bool SdBaseFile::timestamp    (    uint8_t     flags,
      uint16_t     year,
      uint8_t     month,
      uint8_t     day,
      uint8_t     hour,
      uint8_t     minute,
      uint8_t     second

Set a file's timestamps in its directory entry.

    [in]   flags   Values for flags are constructed by a bitwise-inclusive OR of flags from the following list

T_ACCESS - Set the file's last access date.

T_CREATE - Set the file's creation date and time.

T_WRITE - Set the file's last write/modification date and time.

    [in]   year   Valid range 1980 - 2107 inclusive.
    [in]   month   Valid range 1 - 12 inclusive.
    [in]   day   Valid range 1 - 31 inclusive.
    [in]   hour   Valid range 0 - 23 inclusive.
    [in]   minute   Valid range 0 - 59 inclusive.
    [in]   second   Valid range 0 - 59 inclusive

    It is possible to set an invalid date since there is no check for the number of days in a month.
    Modify and access timestamps may be overwritten if a date time callback function has been set by dateTimeCallback().

    The value one, true, is returned for success and the value zero, false, is returned for failure.

Or copy timestamps from another file:
bool SdBaseFile::timestamp    (    SdBaseFile *     file   )    

Copy a file's timestamps

    [in]   file   File to copy timestamps from.

    Modify and access timestamps may be overwritten if a date time callback function has been set by dateTimeCallback().

    The value one, true, is returned for success and the value zero, false, is returned for failure.

1041  Using Arduino / Storage / Re: SdFat - card detection via CS support on: July 30, 2012, 09:11:38 am
Card Present is done in a number of ways.  A pullup, the card present switch,...

It is almost always easier to read the pin before calling the SD begin/init function than tell SdFat how Card Present is done and then have the result of a digitalRead() returned.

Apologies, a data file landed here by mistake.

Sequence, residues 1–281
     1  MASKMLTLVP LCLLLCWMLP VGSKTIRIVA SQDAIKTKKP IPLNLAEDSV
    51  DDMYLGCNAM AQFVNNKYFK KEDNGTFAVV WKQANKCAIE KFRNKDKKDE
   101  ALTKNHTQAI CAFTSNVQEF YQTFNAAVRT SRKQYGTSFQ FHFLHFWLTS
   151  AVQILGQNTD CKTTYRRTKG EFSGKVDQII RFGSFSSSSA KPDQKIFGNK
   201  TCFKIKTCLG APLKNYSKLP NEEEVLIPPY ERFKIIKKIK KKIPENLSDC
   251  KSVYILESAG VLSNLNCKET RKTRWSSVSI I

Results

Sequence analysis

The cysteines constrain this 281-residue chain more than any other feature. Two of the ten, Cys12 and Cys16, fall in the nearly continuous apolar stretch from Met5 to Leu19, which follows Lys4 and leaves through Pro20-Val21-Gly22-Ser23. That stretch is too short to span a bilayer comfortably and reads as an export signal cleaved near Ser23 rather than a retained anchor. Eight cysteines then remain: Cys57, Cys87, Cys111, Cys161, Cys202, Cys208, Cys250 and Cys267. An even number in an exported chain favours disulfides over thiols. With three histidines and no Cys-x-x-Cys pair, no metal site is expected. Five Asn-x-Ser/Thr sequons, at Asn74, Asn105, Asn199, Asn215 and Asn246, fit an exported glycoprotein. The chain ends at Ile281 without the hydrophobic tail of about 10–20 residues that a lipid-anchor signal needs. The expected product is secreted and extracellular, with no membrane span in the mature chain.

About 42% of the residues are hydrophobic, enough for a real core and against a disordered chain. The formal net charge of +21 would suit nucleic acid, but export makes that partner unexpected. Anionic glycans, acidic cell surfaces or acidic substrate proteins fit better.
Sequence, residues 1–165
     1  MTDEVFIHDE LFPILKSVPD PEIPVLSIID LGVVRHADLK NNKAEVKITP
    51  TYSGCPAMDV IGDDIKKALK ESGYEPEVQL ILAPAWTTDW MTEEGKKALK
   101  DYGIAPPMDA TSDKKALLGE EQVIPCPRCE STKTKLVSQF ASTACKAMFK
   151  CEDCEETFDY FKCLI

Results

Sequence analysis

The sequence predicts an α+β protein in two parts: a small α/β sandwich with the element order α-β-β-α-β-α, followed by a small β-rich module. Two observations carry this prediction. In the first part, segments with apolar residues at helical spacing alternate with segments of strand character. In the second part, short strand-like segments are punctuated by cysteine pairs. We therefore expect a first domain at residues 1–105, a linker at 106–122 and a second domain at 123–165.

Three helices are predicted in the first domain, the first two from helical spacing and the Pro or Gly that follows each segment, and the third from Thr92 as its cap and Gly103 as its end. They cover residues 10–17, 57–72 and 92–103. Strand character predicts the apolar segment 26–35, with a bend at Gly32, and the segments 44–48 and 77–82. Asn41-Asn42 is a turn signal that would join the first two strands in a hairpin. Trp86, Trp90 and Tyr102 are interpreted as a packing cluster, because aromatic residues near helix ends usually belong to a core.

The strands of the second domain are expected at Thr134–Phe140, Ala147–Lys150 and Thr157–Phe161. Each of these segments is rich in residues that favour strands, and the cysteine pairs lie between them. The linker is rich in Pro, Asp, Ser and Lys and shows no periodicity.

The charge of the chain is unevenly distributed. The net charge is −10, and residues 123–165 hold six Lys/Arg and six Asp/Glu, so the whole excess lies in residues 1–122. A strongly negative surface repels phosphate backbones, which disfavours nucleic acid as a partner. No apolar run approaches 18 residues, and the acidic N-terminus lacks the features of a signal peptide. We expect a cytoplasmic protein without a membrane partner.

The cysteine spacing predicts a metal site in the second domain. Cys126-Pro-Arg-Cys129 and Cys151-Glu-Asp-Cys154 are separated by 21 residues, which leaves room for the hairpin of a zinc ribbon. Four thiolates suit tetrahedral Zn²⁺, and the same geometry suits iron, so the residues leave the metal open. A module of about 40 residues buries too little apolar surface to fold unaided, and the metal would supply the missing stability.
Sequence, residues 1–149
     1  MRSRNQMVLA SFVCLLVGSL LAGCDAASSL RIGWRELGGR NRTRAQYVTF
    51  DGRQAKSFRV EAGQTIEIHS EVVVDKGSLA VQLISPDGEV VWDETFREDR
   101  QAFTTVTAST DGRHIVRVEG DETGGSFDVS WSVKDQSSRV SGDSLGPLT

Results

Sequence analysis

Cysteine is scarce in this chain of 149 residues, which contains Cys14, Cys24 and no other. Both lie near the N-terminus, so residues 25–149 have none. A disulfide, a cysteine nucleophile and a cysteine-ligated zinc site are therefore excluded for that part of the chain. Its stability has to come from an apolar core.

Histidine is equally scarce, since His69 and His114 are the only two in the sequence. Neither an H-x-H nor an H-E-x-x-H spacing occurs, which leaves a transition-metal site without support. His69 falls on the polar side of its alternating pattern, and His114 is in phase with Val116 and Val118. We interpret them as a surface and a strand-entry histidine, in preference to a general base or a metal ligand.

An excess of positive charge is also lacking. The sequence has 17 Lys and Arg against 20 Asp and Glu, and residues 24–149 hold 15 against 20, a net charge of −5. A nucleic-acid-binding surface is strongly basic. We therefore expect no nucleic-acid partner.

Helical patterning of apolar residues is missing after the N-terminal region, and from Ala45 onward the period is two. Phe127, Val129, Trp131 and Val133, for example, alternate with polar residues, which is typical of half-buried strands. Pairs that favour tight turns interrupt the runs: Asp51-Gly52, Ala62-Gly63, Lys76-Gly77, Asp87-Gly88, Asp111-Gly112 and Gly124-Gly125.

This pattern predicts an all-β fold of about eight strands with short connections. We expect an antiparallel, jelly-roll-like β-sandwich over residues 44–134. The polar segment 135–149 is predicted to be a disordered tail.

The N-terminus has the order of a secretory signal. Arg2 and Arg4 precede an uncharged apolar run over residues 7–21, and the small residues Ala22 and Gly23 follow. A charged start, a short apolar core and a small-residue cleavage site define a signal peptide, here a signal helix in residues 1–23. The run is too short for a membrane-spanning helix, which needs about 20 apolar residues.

Some of the most popular shields have a 10K pullup on CS and CS is always high in input mode.

Sometime resistor voltage dividers are used and the CS is always low in input mode.

In general pulling CS high is better than pulling CS weakly low and hoping all SD cards pull CS high.  This will cause fewer problems when the SPI bus is shared and another device is initialize before the SD.

Since Arduino is 5V, a level shifter is used on CS and you can't read the SD CS pin anyhow.
1042  Using Arduino / Storage / Re: Micro-SD Card not formatted on: July 29, 2012, 01:30:45 pm
pito's advice is better than mine on caps since he is running SD cards on very fast systems.

I really like a pullup between 3.3V and MISO on the card.  This holds MISO high when there is no card and insures there won't be a false acceptance of CMD0, the first initialization command.  This can happen due to noise on MISO since I do thousands of retries waiting for the card to go ready.  Success for this command is a status of 0X01 which can easily happen with noise and no CRC. 

0XFF is busy so if MISO is held high, commands fails with a busy timeout.
1043  Using Arduino / Storage / Re: Micro-SD Card not formatted on: July 29, 2012, 10:26:48 am
The SD status, errorData, has too many one bits to make sense.

For read CID the status 0X1F, would be:
• In idle state: The card is in idle state and running the initializing process.